GOOD DESIGN MAKES GOOD SENSE.
Whilst the real estate market can be difficult to navigate, and house prices are at the mercy of financial markets and psychological shifts, one thing stands true. Good design will always increase the value of a home.
As reported recently in Domain, “Good architecture can add as much as 20 per cent to the value of a home. And overall, architects make great homes to live in, and love, and enjoy and delight in. Good design will always increase the value of property, as you can see by the way (they) always mention ‘architect-designed’ when they’re being sold.” says the NSW president of the Australian Institute of Architects Kathlyn Loseby.
So, what is good design?
In general terms, good design is based on functionality, visual impact, longevity and cost-effectiveness. More specifically, good design includes special architectural features like cathedral ceilings and visually exciting entrances, flexible space planning, high-quality finishes, fixtures and fittings, and ergonomic and environmentally sound decisions.
Good construction will always win out over poor detailing - good design is as much about what you cannot see, as it is about what you can see. And as well as the right location (location, location) being one of the key factors for a sound investment, the design of a property (residential or commercial) will play a major part in determining property investment returns.
There is an increasing demand for sophisticated design. Whether this has stimulated, or is reflective of, the current trend for home improvement TV shows, the fact remains that people are turning their love of fashion, travel and technology to the interiors and exteriors of their home.
Renovations and new builds have to live up to the design expectations we see on TV and in magazines, and the aesthetics also require functionality, liveability and longevity (which not only means that the design has to stand the test of time, it also has to live up to expectations of being environmentally friendly too – leaving a smaller footprint).
Investors are becoming much more aware of the maintenance and running costs associated with a poorly designed residential investment property. Replacing cupboard doors, cheap fittings and fixtures and faulty appliances and repairing of building façades are common and expensive, and can be avoided if an investment in good design is made from the outset.
Home owners too are increasingly concerned with the higher costs of running poorly designed homes (an instantaneous electrical hot water system is cheaper to install than a gas hot water system but significantly more expensive to run). Poor insulation is also a common cost-cutting element that home owners no longer want to accept. North facing properties instantly capture a potential buyers attention, as does solar power, drought tolerant landscaping and integrated technology.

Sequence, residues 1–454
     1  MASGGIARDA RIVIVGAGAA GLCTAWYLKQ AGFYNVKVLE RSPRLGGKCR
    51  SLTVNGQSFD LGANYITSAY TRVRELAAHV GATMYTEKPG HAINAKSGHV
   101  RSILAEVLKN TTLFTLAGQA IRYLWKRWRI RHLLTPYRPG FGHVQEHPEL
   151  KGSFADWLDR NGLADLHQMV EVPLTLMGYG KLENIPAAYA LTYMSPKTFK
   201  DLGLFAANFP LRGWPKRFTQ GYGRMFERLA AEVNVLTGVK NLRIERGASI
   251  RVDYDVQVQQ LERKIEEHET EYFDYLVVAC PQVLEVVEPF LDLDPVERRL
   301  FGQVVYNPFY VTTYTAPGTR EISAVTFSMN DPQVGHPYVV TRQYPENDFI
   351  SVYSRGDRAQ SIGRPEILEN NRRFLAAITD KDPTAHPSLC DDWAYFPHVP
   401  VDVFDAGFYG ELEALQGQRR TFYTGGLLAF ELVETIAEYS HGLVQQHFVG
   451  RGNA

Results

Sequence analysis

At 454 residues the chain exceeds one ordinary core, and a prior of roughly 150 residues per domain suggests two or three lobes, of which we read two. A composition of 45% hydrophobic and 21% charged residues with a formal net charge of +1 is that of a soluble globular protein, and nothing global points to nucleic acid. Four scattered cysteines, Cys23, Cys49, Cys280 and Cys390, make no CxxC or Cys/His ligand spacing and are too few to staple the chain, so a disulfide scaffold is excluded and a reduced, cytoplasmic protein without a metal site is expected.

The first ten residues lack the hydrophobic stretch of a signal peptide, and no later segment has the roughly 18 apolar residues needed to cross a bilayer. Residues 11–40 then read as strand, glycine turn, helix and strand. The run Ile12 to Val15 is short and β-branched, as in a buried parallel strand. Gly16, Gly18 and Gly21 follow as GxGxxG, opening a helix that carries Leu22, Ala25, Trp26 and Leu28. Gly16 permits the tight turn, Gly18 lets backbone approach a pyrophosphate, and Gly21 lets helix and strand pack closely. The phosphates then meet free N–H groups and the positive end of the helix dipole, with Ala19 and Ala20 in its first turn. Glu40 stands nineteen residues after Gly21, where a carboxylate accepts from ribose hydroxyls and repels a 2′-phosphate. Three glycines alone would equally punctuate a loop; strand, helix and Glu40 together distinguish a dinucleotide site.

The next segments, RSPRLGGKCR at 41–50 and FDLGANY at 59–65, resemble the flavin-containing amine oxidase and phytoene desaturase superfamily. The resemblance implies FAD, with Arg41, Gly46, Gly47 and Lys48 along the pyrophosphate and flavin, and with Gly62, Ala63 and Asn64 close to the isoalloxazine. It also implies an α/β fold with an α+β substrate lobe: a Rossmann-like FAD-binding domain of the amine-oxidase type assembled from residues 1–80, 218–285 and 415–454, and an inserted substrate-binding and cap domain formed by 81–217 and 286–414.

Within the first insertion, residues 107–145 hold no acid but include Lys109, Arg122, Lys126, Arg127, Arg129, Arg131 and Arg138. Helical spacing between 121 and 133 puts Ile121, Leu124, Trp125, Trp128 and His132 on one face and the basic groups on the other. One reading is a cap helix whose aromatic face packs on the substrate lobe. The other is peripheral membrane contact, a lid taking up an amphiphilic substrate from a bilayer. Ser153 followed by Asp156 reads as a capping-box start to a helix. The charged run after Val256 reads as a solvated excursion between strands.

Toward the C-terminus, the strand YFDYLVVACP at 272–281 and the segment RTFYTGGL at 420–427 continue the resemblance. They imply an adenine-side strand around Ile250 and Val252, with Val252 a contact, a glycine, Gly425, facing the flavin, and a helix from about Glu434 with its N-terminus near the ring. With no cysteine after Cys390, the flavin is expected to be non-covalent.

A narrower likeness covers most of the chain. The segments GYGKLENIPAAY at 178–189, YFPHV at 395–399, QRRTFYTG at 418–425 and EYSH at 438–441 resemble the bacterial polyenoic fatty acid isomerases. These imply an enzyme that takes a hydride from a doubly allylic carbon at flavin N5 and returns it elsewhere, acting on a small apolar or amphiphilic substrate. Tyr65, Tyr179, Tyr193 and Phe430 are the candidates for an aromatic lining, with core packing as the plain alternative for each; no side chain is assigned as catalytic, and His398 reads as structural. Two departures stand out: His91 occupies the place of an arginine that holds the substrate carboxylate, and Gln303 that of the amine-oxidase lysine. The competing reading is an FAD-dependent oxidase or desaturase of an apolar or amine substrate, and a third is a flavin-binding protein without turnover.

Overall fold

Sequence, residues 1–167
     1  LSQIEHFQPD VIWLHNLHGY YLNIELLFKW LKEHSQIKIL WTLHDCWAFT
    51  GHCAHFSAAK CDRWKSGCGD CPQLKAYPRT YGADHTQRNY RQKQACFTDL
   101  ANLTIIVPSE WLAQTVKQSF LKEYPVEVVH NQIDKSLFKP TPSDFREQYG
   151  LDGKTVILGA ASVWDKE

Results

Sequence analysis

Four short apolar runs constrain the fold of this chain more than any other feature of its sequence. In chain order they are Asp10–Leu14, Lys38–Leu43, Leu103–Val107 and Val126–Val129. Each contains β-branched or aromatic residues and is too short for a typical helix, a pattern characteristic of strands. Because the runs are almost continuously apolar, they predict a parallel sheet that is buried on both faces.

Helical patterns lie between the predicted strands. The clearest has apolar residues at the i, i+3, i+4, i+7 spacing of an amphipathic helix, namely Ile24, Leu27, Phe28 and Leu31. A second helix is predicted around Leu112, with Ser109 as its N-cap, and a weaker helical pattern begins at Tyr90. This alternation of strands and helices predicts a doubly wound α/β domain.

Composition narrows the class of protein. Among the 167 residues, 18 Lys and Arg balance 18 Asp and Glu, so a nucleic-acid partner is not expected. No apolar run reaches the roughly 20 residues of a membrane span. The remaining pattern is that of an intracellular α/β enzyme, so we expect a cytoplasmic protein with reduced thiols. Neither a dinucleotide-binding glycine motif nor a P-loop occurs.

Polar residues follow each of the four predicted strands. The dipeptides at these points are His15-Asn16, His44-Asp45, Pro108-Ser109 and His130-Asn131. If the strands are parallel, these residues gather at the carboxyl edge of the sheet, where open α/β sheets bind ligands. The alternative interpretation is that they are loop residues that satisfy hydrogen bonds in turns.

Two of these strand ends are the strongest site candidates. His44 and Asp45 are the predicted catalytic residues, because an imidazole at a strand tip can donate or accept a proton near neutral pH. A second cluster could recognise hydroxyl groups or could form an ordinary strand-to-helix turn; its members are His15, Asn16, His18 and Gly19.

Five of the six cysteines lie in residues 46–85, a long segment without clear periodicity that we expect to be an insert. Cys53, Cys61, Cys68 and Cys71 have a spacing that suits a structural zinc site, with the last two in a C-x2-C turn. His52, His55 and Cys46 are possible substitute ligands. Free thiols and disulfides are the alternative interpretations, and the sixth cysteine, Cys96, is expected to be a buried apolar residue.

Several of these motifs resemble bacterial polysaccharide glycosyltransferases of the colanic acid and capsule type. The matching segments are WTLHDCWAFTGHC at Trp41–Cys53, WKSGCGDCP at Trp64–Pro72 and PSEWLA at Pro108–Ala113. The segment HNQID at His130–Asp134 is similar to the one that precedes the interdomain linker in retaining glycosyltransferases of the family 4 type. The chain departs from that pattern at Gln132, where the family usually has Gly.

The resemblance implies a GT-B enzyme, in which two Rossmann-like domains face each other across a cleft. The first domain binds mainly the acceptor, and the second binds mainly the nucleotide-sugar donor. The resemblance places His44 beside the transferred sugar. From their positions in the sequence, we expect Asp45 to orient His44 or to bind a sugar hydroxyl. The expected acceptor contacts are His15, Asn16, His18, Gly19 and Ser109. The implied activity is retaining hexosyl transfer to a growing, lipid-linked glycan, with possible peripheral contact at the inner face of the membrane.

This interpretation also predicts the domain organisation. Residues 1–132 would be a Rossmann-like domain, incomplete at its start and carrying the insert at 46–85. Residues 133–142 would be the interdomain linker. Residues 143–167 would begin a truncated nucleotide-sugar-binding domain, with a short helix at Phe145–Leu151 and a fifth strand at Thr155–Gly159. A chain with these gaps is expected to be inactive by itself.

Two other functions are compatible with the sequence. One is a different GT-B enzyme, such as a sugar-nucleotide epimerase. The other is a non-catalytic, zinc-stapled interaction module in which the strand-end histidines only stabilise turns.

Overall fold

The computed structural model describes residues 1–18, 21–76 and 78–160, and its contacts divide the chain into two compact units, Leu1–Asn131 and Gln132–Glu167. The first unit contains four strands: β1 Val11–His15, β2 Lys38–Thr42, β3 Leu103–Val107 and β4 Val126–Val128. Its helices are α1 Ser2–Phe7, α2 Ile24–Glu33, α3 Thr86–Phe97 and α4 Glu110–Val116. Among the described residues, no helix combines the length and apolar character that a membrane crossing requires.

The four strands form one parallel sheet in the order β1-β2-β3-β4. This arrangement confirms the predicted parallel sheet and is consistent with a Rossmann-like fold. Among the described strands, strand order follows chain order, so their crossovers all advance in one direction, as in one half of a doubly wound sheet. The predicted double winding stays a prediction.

Councils too are becoming more design literate, focused on quality of design, environmentally sustainable design outcomes and the contribution a property or development proposal makes to the urban context. The issuing of ‘conditional permits’ requires developers to retain the architect for the life of the project in order to mitigate the risk of the outcome being inferior to the design specified in the original planning permit.
Importantly, good design does not always equate to more expensive construction costs. Of course high end materials can greatly effect the end price, however a high quality design team can deliver creative solutions throughout the design, documentation and construction phases, resulting in a building which meets the highest design standards. It’s often the default and generic solutions and materials that are often specified to reduce costs that end up costing more in the long term. High quality and detailed documentation and a thorough scope of works for a project can help to manage expectations, expensive variations or a dilution of quality.
Good design is not about design for design’s sake, it’s about being aligned with market demand, cultural preferences and future influences. A design team needs to be well briefed about what to design. A better quality building means a more efficient building, with natural light, better ventilation and a healthier navigation of climate control too.
Good design achieves higher prices and faster sales.
When it comes to selling your home, evidence has proven that good design commands a higher premium. “Design is a real differentiator for today’s home buyers and they are prepared to dig deep if they can see design having a tangible effect on their lifestyle,’ says Albert Hill, co-founder of The Modern House. “More than ever people are looking for transformative experiences and so the enthusiasm for investing in a great home space is not surprising.”
Architect-designed homes have been seen to achieve significantly higher prices across the board, and even more in the $1.5 million plus bracket. According to The Modern House, “A well-designed home considers the relationship between indoor and outdoor living spaces, exudes a sense of ‘spatial drama’ – think high ceilings, volume and natural light – and is decked out in well-curated fixtures and furnishings.”
Good design provides for outcomes that function well, feel right, last the test of time and are cost effective to use and maintain. It encompasses every inch of a property, from the space planning to double glazing to low-energy lighting and insulation and sound separation.
There’s a huge value-add from designing something that makes the best use of a location, produces great, light-filled spaces, prioritises sustainability to keep running costs down, and ensures adaptability for life changes into the future.
Good design simply makes good sense.